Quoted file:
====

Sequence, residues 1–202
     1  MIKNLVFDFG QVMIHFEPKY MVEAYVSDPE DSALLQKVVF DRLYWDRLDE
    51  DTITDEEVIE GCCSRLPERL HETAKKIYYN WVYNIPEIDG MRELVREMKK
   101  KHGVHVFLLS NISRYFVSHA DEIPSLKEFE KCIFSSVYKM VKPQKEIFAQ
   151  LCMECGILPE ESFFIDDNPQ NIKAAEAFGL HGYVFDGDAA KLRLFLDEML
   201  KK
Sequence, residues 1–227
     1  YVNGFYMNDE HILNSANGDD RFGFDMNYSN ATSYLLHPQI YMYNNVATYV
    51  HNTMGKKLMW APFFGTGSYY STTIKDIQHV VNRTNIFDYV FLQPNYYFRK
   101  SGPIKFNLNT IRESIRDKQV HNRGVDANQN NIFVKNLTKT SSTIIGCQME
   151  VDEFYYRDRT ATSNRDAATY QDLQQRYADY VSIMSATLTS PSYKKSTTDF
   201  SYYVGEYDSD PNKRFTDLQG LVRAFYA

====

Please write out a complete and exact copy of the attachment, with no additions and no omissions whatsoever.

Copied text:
Sequence, residues 1–202
     1  MIKNLVFDFG QVMIHFEPKY MVEAYVSDPE DSALLQKVVF DRLYWDRLDE
    51  DTITDEEVIE GCCSRLPERL HETAKKIYYN WVYNIPEIDG MRELVREMKK
   101  KHGVHVFLLS NISRYFVSHA DEIPSLKEFE KCIFSSVYKM VKPQKEIFAQ
   151  LCMECGILPE ESFFIDDNPQ NIKAAEAFGL HGYVFDGDAA KLRLFLDEML
   201  KK
Sequence, residues 1–227
     1  YVNGFYMNDE HILNSANGDD RFGFDMNYSN ATSYLLHPQI YMYNNVATYV
    51  HNTMGKKLMW APFFGTGSYY STTIKDIQHV VNRTNIFDYV FLQPNYYFRK
   101  SGPIKFNLNT IRESIRDKQV HNRGVDANQN NIFVKNLTKT SSTIIGCQME
   151  VDEFYYRDRT ATSNRDAATY QDLQQRYADY VSIMSATLTS PSYKKSTTDF
   201  SYYVGEYDSD PNKRFTDLQG LVRAFYA